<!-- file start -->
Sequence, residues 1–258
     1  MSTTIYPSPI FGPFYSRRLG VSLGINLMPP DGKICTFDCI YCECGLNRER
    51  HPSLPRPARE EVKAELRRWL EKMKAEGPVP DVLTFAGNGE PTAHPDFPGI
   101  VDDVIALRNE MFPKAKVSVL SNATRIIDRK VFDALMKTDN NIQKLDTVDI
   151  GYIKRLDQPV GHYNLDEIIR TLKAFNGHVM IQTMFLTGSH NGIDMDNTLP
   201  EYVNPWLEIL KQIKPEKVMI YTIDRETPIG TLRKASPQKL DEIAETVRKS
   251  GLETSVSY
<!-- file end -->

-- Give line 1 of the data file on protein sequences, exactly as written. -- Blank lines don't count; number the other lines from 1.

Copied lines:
Sequence, residues 1–258